As COVID-19 shutdown large gatherings in Japan last winter, we wondered how and when BC Wood would be able to again offer industry the opportunity to take part in Asian trade shows. Fortunately, trade shows were restarted in July as Japan has waged a successful battle to keep the virus in check. BC Wood has booked space at the November Japan Home and Building Show so I visited two trade shows over the past week to see what a large-scale “with Corona” event would look like. Surprisingly, except for everyone wearing masks, temperature checks upon entry, and hand sanitizer everywhere, they looked the same as before.
Before I went, I was expecting to see shows void of visitors and glum exhibitors. However, they were brimming with visitors and no one seemed to be at all concerned about social distancing. People were crowding the aisles, bumping into each other, and then getting right up close to each other while exhibitors pitched their products. Oddly, even though show organizers are pushing companies to use scanners, very few did so as they seemingly wanted to stick to the formal exchange of business cards. Companies were also freely handing out literature which I thought would have been replaced with online options.
Of course, the low number of daily infections combined with universal mask use and the culturally embedded ease of being in crowds are what allowed for this relaxed atmosphere, but there was a buzz that made me feel like there was more to it than that. Shows have been shut down for about six months and it seems like people were longing to get back. In speaking with distributors, I had been hearing that it is still very hard for them to conduct sales as companies don’t want to take risks by letting in salespeople. However, if buyers themselves decide to go to trade shows, then that awkwardness is gone as everyone there is aware of the risks and have still chosen to take part. Other than online, trade shows are the only sales and networking opportunities available right now. Under the circumstances it does make sense, but it is still astounding when we look at what is happening in other countries.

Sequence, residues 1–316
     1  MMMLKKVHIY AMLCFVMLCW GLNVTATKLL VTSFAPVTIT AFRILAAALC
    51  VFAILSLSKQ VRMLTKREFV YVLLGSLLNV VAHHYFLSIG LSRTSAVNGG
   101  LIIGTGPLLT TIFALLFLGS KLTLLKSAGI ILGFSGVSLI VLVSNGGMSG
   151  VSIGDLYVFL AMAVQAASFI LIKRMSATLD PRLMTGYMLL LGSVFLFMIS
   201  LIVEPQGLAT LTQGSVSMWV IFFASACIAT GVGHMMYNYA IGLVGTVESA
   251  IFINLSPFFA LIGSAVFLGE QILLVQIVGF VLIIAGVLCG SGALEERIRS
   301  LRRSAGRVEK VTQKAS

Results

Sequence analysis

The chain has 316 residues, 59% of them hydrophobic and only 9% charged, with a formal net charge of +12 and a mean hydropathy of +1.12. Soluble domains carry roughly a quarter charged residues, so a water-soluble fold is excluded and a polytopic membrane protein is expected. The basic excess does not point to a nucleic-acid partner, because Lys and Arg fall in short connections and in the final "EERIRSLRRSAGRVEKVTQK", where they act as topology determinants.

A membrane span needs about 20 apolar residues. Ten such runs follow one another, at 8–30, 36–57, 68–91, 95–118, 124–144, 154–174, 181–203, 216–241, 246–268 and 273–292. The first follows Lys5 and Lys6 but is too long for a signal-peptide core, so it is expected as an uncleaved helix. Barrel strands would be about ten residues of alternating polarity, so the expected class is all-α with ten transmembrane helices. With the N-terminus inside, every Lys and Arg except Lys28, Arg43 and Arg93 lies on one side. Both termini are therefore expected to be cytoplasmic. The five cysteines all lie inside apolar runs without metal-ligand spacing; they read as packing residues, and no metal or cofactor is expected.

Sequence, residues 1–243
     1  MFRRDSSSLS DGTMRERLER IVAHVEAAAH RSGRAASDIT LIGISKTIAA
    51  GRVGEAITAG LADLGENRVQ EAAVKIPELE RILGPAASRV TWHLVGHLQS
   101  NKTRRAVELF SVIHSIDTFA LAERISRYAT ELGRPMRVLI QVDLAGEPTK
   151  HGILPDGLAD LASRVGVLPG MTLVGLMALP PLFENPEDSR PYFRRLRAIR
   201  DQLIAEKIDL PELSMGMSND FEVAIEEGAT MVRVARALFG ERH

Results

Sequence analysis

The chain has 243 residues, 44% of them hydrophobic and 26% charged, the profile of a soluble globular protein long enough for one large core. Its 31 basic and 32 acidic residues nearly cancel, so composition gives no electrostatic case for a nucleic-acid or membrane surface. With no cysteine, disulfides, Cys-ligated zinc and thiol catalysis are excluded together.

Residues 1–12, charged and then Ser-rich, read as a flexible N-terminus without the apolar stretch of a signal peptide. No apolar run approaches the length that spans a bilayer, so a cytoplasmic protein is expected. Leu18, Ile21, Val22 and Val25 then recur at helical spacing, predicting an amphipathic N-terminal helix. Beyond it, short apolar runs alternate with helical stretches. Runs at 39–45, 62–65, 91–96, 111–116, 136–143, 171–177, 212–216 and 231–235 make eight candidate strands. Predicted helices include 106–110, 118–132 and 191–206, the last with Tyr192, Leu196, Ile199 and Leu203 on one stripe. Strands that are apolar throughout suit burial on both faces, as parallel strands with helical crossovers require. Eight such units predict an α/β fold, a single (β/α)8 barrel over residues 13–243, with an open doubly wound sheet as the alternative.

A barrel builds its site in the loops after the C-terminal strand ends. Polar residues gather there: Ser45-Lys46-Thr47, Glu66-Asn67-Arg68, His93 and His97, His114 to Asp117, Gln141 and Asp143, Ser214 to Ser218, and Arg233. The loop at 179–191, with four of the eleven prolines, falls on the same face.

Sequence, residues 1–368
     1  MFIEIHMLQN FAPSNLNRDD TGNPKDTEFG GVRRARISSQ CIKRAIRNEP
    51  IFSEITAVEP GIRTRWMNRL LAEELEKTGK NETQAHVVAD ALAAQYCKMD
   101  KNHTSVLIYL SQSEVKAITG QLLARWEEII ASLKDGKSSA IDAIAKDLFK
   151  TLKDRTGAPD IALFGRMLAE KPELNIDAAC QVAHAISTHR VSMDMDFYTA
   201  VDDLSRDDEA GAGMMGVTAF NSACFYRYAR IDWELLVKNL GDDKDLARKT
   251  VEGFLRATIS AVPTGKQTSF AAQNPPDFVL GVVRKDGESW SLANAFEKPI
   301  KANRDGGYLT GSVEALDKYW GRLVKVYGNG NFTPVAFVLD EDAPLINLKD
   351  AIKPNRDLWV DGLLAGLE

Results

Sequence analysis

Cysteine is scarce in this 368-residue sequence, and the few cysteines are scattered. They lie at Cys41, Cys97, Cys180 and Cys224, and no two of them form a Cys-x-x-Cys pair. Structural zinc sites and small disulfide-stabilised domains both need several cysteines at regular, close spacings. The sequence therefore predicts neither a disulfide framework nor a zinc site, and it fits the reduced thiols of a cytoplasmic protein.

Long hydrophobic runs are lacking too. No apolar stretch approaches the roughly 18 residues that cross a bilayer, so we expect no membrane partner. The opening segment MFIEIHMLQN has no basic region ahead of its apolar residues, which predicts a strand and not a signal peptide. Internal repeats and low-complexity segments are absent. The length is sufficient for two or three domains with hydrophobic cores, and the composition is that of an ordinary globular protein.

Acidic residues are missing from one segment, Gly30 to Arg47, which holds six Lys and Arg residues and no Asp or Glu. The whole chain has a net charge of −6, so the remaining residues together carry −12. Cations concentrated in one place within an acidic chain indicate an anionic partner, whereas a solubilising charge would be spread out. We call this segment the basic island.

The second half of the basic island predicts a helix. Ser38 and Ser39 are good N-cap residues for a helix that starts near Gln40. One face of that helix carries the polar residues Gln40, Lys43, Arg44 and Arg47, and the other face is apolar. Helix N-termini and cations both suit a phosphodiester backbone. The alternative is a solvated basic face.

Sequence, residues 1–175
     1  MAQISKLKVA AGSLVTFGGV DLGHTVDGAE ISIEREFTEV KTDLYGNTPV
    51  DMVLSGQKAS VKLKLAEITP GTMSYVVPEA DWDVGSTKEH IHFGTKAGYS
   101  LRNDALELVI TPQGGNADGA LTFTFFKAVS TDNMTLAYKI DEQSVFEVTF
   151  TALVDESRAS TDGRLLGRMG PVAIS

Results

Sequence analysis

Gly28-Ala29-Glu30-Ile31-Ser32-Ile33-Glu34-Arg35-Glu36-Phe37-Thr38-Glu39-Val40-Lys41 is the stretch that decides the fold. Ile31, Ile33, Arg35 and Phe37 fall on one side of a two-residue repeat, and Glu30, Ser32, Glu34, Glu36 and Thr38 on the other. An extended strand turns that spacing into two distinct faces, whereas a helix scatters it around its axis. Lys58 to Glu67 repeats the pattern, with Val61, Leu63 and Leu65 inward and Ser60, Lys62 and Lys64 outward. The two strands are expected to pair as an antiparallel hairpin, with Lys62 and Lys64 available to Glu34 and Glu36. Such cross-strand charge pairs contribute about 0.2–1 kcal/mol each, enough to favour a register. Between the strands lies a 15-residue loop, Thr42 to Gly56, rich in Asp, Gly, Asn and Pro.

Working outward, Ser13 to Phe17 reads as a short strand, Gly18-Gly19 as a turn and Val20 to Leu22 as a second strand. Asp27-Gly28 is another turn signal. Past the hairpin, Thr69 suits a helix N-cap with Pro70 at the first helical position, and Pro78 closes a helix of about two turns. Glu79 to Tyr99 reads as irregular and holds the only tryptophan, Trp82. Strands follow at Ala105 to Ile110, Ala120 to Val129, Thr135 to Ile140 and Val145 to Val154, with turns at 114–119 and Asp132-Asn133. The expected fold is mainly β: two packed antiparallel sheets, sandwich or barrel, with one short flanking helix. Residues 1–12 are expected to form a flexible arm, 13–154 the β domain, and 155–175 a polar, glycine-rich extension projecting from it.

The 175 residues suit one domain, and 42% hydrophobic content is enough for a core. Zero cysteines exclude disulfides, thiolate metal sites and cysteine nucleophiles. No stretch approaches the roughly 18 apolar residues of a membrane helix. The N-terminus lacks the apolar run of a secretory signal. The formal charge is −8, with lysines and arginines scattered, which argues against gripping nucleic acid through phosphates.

Sadly, the numerous empty booths were as expected. One of the shows I visited is very international with large country pavilions every year, but as foreigners are not currently allowed into Japan those exhibitors had to of course abandon their booths. However, some Japanese companies also decided to cancel despite having paid for space. Some may have strict policies in place to protect staff, but I suspect many also just assumed the shows would not be well attended so why take the risk. With the success of these shows, that mindset will quickly change. In fact, I was told that the Japan Home & Building Show was nearly sold-out.
While BC Wood has taken space at the Japan Home & Building Show, we fully realize that travel from Canada will likely not be possible even in November. Therefore, we are planning to offer virtual participation where BC Wood will set-up displays, show products, and gather leads on behalf of interested companies. We are also looking to set-up live video links to the booth so that sales staff in Canada can field questions in real time with visitors just as if they were in Tokyo. Anyone interested in this program can contact Jim Ivanoff (Ivanoff@bcwood.jp) for more information.